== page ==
If Walter Lord s name is inevitably linked by at least two books dealing with the sinking of RMS Tiganic, that of A.A Hoehling is similarly linked to one classic account of the sinking of RMS Lusitania, The Last Voyage of the Lusitania , written with his wife Mary Hoehling in the late 1950s shortly after Lord s A Night to Remember Hoehling unlike Lord never wrote a second book on it s own returning to the Lusitania, but it reappears in the books Hoehling wrote about the war at sea in Worl If Walter Lord s name is inevitably linked by at least two books dealing with the sinking of RMS Tiganic, that of A.A Hoehling is similarly linked to one classic account of the sinking of RMS Lusitania, The Last Voyage of the Lusitania , written with his wife Mary Hoehling in the late 1950s shortly after Lord s A Night to Remember Hoehling unlike Lord never wrote a second book on it s own returning to the Lusitania, but it reappears in the books Hoehling wrote about the war at sea in World War I, in his book The Sailed into Oblivion , and this volume It s obvious that he never could stop discussing the tragedy of the Old Head at Kinsale, Ireland of May 7, 1915, any than Lord could stop thinking of the events of April 14 15 1912 But like Lord s second Titanic Book The Night Lives On , which I have reviewed here Hoehling did try to retell the tragedy of the sinking of the Cunard liner differently or slightly differently each time Of course he was not trying to change his comments from the original book, but he might see some aspect that needed further probing Lost at Sea is a collection of eight essays by Hoehling this time without Mary on ship tragedies that required some comment because of lingering questions about them In this volume the Lusitania is looked at from the point of view of the seeming failure of it s well trained Captain, William Turner, in following Admiralty instructions As the Lusitania was reaching the coast of Ireland, it received word from the Admiralty not to sail straight along the coast of Ireland Reports of submarine activities in the Irish Sea had been reaching London for nearly three days, and these included attacks on several vessels, and the sinking of two steamers All of this proved to be the work of Kapitanlieutenant Walther Schweiger of U20, who was showing exactly why he was one of the Kaiser s best sub commanders The Admiralty telegram to Turner told him to sail a zigzag course in mid channel, away from the Irish coast, and to continue doing so until he reached the port of Liverpool While one can never be fully sure of whether or not a suggested alternative course of action would have worked, somehow this seems to have been quite promising in guaranteeing that the Lucy would arrive safely Instead however of following this, Turner brought the ship closer to the Irish coast to take a bearing his explanation in the court of inquiry before following the instructions Of course, as he slowed down the ship to do this, it enabled the ever watchful Schweiger to get his torpedo course ready and to send one into the British liner Perhaps to us this seems quite a technical point, but it helped cost the loss of 1,198 lives and later would help propel the U.S into World War I Hoehling ends the discussion wondering what was going on inside of Captain Turner As mentioned he was an experienced man of the sea, and not given to stupid blunders But what happened on that fatal afternoon of May 7th In the end Hoehling points out that reading the transcript of the court of inquiry, Turner appears to contradict himself several times He admitted he actually did not have any excuse, and Hoehling if he had some physical problem like high blood pressure or a minor stroke that may have caused him to lose his bearings quite literally We shall never know, but Hoehling s suggestion is quite provocative.The other seven ships that Hoehling deals with are the Mary Celeste 1872 , the Warahtah 1909 , the HMS Hampshire 1916 , the USS Cyclops 1918 , the SS Morro Castle 1934 , the USS Scorpiion 1968 , and the USS Poet 1980 All of these ships have been subject to serious book study most notably the Mary Celeste and the Morro Castle , but all are well known ship disasters possibly the loss of the container ship USS Poet in 1980 is least known today Several disappeared without any traces ever being found most notably the Waratah, the Cyclops, and the Poet Wreckage of the Scorpion was located, but the reason for the submarine s sinking with all hands is still a matter of debate not as simple as that of USS Thresher in 1963 during test dives off Massachusetts The Morro Castle is the subject of a classic account by Gordon Thomas and Max Gordon Witt, Fire at Sea , and is really what caused the fire, and who set it As for the Hampshire, it is the British cruiser that was heading for Tsarist Russia on a mission involving the British Secretary of War Lord Kitchener, and it hit a mine and sank taking most of her 500 plus crew down with her off the Orkney Islands Kitchener included in June 1916, a couple of days after the battle of Jutland Was she a really accidental victim of the war at sea, that just happened to have a national figure on board, or was she actually targeted by the German Navy in an effort to kill an important enemy figure It helps to have a background in these disasters which is why the last, about the loss of USS Poet, is possibly the weakest of the ships chosen All still regularly are found to be discussed by ship experts and panels even to having videos on You Tube done on them Mary Celeste is usually considered the greatest mystery of the sea Just what happened to Captain Benjamin Spooner Briggs, his wife and infant daughter, and the crew of the hermaphrodite brig, which was found sailing abandoned off the Azores in December 1872, ironically by the ship Dei Gratia , whose Captain Moorhouse knew Briggs in New York City Was this a case of accident, as many believe, or of murder and piracy at sea as was suspected by the British Government s chief investigator at Gibraltar, the Hon Solly Flood Nothing was ever really established, and Hoehling points out something here not in the other accounts I ve read that the ship s log was supposedly sent after being used by Flood at Gibraltar in the inquest to the U.S representative at Genoa, but that it s final fate is still a matter of question The loss of SS Warahtah off the coast of South Africa in 1909 has been termed the Titanic of the South Seas or of Australia where it came from A recent medium sized steamer between Australia and Britain, it was on it s third voyage in 1909 when it left Durban, but entered a severe storm and never was seen again It s total crew and passengers over 200 souls were lost Yet earlier travelers mentioned serious problems of buoyancy experienced on board, and one passenger had a recurring nightmare three days in a row before having had enough and disembarking at Durban, to continue travelling by train to Cape Town this gentleman was one of the few passengers who left Australia who survived Attempts were being made until about 2005 by sea explorers like Clive Custler to look for wreck of the Waratah. None have ever succeeded.Cyclops was an American naval collier, one of four built about 1910 Ironically it and two of it s sister ships all eventually disappeared the other two in World War II , and the fourth was transformed into the U.S Navy s first aircraft carrier, the USS Langley sunk in 1942 Cyclops is a bit like Warahtah in that it s design was a bit top heavy due to equitment used when loading and unloading the ship if you don t know, a collier is used as a naval supply vessel, that either transports material needed by our naval craft supplies, coal, etc that is unloaded onto those ships, or transports some needed supplies to the U.S from foreign ports In February 1918 it was in Rio de Janairo loaded with manganese for delivery in the U.S., as well as our counsul general who was returning home, Mr Louis Gottschalk the grandson of the 19th Century composer and pianist It s captain Worley was something of an eccentric, who was of German birth Later it was hinted that the ship was handed over to the Germans but after the war recofds were combed and there was no report of it s final fate As it was sailing past Bermuda in March 1918 before it vanished it has become listed as another vessel that was a victim of the Bermuda Triangle It slikely it sank in a sudden storm or was torpedoed but if the latter, why no record.The Morro Castle was a successful cruise ship between Cuba and New York City, that caught fire on a return voyage in September 1934 it s captain died suddenly the night before the fire, and his body never was found after the burned out hulk drifted to the Jersey Coast Was the Captain s death natural and just that, or was he poisoned, and by whom There had been labor problems by the crew on the voyage, and Communists were suspected Finally the surviving officers did such a lousy job in the panic and fire that over 130 people died The one outstanding piece of service was by the telegraph operator George Rogers who became the sole hero of the tragedy But in later years something was shown to be wrong with Rogers, who used explosive and incendiary devices to injure enemies of his, and who ended in prison for life where he died for a double homicide To this day many wonder if Rogers, far from being the hero of 1934 newspapers was actually one of the most lethal mass killers in world history.The USS Scorpion disappeared in the middle of the Atlantic, apparently when following some Russian naval craft As mentioned earlier her wreckage was eventually found in 1968, but she had been blown apart under water and it looked like one of her own torpedoes caused the disaster Nothing has ever been fully explained what happened, but it appears that she may have been destroyed in the course of shooting off the torpedoe which for some reason turned back on her A government wall of silence has followed the tragical discovery and examination of the wreckage Hoehling in his notes on the chapter shows that he has also faced opposition from the families of the crew in getting any information on the incident out of them As for the Poet, it got lost in some natural disaster, but it s details are as buried in it s way as the Scorpion, the Cyclops, or Waratah Again it is the least interesting of the ships dealt with which is unfair to it s dead crew Possibly another ship maybe the USS Maine, perhaps could have been substituted for it But Hoehling chose his own material, for better or worse On the whole the book is well researched and written, and seven of the choices remain major sea mysteries I have no problem recommending this volume to readers who love mysteries, the sea, and the ships that are part of it s lore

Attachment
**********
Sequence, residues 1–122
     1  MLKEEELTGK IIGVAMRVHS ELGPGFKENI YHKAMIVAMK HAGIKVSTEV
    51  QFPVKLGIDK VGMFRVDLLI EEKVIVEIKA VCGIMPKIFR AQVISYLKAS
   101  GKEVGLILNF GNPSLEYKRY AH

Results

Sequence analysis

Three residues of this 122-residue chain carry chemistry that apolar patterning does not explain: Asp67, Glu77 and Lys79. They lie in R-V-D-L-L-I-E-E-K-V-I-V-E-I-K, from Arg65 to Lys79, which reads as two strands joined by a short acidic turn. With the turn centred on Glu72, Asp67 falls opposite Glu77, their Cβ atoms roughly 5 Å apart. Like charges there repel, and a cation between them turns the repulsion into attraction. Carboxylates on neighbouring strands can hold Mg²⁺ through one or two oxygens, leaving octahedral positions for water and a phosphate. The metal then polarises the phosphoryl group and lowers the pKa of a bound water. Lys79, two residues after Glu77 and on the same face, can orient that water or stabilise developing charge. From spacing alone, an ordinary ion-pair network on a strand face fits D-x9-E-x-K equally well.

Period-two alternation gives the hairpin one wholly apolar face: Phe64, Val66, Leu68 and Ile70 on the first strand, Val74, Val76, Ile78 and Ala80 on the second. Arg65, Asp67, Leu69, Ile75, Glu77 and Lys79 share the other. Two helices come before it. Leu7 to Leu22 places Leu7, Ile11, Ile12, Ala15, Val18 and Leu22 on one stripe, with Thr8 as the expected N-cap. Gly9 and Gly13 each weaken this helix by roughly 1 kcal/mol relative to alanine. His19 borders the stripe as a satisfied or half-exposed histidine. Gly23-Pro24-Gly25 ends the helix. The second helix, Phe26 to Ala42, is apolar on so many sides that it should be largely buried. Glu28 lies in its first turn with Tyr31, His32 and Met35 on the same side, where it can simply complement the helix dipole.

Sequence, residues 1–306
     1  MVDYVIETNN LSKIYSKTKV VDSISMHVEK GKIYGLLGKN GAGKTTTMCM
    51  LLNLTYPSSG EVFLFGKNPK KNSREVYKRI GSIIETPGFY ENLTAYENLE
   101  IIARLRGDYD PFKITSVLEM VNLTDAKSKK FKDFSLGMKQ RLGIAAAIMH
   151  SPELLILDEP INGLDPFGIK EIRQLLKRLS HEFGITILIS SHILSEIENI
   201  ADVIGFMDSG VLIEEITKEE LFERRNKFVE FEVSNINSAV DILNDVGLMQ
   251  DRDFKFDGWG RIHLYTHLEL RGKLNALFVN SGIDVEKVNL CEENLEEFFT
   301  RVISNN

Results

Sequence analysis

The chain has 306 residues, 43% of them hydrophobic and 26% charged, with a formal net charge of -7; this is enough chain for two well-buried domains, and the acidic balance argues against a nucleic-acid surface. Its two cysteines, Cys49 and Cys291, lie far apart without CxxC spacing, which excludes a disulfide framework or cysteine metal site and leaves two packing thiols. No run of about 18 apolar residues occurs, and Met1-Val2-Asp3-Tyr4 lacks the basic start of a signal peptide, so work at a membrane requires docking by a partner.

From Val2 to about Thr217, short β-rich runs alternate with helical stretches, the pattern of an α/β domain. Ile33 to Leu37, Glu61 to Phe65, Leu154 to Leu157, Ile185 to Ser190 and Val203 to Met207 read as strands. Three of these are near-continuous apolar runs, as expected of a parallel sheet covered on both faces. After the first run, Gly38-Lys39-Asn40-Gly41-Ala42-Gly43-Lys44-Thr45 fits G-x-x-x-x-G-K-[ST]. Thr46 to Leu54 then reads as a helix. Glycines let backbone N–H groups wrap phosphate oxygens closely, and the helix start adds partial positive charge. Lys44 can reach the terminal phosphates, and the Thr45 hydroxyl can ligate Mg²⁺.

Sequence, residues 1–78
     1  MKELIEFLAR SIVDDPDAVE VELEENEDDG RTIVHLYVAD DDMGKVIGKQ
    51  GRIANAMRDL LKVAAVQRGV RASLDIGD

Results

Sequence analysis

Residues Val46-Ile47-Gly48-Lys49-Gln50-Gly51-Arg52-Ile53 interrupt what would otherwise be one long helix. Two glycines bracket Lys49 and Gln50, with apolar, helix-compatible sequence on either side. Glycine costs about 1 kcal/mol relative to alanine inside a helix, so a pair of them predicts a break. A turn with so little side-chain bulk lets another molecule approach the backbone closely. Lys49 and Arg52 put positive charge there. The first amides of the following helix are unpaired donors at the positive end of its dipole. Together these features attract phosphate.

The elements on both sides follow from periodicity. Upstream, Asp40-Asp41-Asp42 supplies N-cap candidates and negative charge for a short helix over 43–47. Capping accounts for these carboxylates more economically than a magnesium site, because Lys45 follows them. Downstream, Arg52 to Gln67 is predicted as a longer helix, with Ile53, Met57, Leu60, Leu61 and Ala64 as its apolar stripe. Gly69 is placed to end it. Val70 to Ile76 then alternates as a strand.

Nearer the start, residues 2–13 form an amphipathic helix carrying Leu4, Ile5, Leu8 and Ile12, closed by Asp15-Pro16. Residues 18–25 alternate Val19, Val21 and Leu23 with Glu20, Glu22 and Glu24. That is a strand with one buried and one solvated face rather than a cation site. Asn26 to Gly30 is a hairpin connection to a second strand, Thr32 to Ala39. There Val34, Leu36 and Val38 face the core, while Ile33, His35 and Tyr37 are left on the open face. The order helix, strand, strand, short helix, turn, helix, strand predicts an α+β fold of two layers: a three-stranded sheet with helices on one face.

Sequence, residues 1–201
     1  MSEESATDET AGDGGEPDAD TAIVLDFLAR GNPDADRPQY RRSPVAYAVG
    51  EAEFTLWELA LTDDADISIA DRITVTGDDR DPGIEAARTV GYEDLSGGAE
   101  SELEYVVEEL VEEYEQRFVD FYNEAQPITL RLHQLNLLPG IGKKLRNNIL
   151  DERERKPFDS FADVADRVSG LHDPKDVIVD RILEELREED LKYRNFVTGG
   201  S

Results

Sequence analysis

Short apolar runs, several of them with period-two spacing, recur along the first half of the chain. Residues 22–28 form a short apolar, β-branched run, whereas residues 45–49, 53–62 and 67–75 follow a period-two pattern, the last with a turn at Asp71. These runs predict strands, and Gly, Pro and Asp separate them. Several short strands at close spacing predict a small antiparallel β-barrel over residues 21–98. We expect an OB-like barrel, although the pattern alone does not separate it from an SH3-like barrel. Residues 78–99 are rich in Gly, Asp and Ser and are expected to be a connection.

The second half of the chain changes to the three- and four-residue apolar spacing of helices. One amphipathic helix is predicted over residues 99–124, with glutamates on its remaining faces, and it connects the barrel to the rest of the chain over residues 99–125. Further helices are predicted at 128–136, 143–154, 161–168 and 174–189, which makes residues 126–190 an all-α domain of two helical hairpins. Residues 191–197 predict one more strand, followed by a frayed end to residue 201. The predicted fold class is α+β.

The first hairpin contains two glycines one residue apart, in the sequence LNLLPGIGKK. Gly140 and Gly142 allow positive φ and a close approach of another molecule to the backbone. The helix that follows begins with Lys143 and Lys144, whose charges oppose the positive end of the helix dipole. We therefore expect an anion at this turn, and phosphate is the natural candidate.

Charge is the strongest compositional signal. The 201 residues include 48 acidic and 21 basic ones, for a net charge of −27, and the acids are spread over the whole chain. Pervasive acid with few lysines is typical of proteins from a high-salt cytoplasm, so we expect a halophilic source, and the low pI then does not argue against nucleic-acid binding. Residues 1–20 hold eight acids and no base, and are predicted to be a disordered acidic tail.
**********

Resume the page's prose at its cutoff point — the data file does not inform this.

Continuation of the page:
2. Kathleen A. Kaminski says:

    Interesting and well written This book gives insight into the circumstances and personalities associated with several previously well known disasters You will leave feeling you know the principal characters as real people The appendix is completely readable and is a worthwhile continuation of the stories.

  3. Marian says:

    Well researched, straightforward.

  4. Elizabeth DiMatteo says:

    Detailed history that is consuming The author has obviously done his research This is detailed and fact based while remaining readable I was consumed by each story.

  5. Jacqueline Groll says:

    Interesting re read of some of the best of the ships that went down with no idea as to the why

  6. Ian Hastings says:

    An excellent read I never realized how many ships of all kinds and their occupants had been lost at sea, some never to be seen again Technical in parts but very easy to read.